I am not sure how you determined what the "raw traits of athleticism are" or by what means you concluded that the list of such traits cannot include other traits. You attempt to distinguish what you term learned skills or traits from athleticism, but without explaining why it is necessary or accurate to make the distinctions you suggest should be made.

I explained in my article the scientific basis for considering the inclusion of mental toughness in a list of athletic skills. Simply asserting that I am wrong without providing factual evidence or some rational argument fails to persuade.

Your discussion of Bird and Jokic compared to Jordan and Bryant is circular; first you limit what traits can be included in a definition of athleticism, and then you suggest that it is obvious that Jordan and Bryant were more athletic than Bird and Jokic. Jordan and Bryant could jump higher and run faster than Bird and Jokic. If you and others persist in asserting that athleticism is solely defined by running fast and jumping high, then of course from that perspective Jordan and Bryant enjoy advantages over Bird and Jokic--but my main point is that such an artificially limited definition of athleticism is incorrect.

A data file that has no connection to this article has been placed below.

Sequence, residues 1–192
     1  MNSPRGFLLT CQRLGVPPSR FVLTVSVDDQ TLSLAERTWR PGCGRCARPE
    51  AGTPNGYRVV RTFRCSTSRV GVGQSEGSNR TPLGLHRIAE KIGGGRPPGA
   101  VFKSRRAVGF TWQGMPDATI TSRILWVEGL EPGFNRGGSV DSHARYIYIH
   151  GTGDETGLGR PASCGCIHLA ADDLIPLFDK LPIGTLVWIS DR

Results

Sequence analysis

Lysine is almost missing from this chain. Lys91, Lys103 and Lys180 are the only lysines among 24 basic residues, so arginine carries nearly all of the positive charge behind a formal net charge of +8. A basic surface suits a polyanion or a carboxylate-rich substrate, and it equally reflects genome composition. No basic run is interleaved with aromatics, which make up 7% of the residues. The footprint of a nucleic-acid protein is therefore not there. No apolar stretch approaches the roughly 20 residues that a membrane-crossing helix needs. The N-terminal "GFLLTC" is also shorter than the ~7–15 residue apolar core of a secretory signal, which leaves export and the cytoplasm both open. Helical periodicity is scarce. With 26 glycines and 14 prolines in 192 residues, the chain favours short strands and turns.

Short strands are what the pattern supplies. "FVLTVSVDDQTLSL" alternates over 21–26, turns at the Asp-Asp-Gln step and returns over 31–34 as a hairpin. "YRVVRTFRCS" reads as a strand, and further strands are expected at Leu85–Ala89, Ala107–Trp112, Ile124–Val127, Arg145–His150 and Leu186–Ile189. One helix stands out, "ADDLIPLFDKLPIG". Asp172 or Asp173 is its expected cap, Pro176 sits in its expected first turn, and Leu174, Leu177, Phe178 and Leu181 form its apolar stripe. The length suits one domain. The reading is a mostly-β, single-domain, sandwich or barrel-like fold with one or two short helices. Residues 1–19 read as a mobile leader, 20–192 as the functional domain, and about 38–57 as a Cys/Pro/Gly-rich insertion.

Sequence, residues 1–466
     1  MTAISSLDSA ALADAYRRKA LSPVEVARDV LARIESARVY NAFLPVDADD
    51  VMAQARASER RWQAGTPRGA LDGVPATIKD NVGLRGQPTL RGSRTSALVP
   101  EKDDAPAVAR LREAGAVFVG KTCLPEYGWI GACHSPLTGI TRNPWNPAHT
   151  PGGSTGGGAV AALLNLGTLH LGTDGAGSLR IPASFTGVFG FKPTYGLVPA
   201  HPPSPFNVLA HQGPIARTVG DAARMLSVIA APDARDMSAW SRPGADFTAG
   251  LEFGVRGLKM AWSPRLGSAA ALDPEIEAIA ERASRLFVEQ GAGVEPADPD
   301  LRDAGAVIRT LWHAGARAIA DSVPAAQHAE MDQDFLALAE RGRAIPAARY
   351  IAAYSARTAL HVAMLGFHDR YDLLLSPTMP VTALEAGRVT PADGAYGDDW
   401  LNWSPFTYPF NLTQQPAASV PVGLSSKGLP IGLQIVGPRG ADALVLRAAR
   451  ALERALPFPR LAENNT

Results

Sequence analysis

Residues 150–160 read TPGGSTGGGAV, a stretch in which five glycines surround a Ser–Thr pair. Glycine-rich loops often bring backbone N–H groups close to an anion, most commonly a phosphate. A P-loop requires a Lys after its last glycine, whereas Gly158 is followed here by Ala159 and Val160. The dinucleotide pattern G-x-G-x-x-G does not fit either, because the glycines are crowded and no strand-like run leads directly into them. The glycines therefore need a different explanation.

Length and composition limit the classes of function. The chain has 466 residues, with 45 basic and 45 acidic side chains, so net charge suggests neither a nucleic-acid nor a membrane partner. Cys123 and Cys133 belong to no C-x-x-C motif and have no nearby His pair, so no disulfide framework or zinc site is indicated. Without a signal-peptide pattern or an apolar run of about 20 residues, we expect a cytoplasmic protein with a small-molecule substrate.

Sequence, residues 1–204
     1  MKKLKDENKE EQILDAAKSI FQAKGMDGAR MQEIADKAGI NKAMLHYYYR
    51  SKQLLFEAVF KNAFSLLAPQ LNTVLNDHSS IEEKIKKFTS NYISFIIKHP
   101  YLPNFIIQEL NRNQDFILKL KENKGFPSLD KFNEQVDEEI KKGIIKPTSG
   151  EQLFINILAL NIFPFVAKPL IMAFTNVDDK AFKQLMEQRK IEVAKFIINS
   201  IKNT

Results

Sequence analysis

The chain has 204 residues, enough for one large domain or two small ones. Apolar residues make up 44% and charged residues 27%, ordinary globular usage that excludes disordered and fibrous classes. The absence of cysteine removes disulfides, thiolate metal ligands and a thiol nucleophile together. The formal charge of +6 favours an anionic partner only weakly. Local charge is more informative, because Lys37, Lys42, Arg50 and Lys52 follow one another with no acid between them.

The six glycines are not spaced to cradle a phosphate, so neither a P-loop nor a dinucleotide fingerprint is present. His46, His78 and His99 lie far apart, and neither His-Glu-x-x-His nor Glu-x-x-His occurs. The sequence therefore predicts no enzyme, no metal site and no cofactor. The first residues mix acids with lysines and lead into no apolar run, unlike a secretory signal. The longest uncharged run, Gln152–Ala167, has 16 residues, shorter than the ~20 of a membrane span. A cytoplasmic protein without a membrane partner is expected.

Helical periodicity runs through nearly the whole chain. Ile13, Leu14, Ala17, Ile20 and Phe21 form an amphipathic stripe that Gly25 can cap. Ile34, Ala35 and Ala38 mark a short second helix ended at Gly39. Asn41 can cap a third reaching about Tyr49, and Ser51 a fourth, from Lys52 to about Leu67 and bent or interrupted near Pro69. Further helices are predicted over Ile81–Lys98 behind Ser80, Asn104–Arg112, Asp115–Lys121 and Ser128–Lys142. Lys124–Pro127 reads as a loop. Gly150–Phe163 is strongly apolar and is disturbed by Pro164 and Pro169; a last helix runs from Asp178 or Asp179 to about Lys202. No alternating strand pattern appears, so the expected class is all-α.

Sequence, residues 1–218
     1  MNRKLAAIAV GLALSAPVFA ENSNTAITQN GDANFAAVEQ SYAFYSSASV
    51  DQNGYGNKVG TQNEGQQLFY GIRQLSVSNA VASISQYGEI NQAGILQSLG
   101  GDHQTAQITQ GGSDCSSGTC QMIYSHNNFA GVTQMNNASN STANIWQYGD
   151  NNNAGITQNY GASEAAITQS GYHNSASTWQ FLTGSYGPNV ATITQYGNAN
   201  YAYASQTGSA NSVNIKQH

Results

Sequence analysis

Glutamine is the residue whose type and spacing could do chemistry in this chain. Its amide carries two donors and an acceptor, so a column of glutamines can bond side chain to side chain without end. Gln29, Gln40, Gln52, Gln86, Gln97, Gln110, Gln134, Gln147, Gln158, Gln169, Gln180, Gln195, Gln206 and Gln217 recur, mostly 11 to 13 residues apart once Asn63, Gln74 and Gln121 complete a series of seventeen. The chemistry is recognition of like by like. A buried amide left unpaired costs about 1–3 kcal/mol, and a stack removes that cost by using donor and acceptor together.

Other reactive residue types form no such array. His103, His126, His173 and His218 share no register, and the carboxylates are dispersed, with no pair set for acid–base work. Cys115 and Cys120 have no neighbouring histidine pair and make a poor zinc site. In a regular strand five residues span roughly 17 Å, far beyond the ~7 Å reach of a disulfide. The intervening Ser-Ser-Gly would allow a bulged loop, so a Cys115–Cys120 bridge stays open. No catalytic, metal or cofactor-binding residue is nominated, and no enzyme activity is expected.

At Tuesday, June 27, 2023 11:38:00 AM, Anonymous Anonymous said...

Third Anonymous


Athleticism is traditionally defined and understood as an expressly physical conceit, which is probably why you're getting some pushback here.

Something like mental toughness is certainly a characteristic that benefits athletes and makes them better, but so are intelligence, enthusiasm, creativity, strategy, etc.

In the era of e-sports "athletes" some of those boundaries perhaps are more fuzzy than they used to be but if the definition of athletic has expanded to include purely mental attributes then the term sort of loses its purpose, IMO. If mental toughness and court vision count as "athleticism" then at that point it feels like athletic is just a synonym for "good at basketball" rather than its traditional usage as specifically physically exceptional in terms of strength/speed/stamina/agility.

I do agree that something like hand-eye coordination or reaction time, which involve both the mental and the physical, ought to be factored into discussions of athleticism.

I just think broadening the definition of athleticism so far beyond its usual intent defeats the purpose of the term.

At Tuesday, June 27, 2023 5:01:00 PM, Anonymous Anonymous said...

The 5 traits I listed concerning athleticism encompass athleticism, which you also mention all of these except height. I could see agility being included too. And sure, there's other things that can help an athlete, though these things aren't necessarily related to athleticism. And sure, you can improve these 5 traits with training. The 2 big areas in sports or an athletic activity is athleticism or skill. While they can be related and help the other, it's one or the other. Some sports require more skill, but some sports require more athleticism.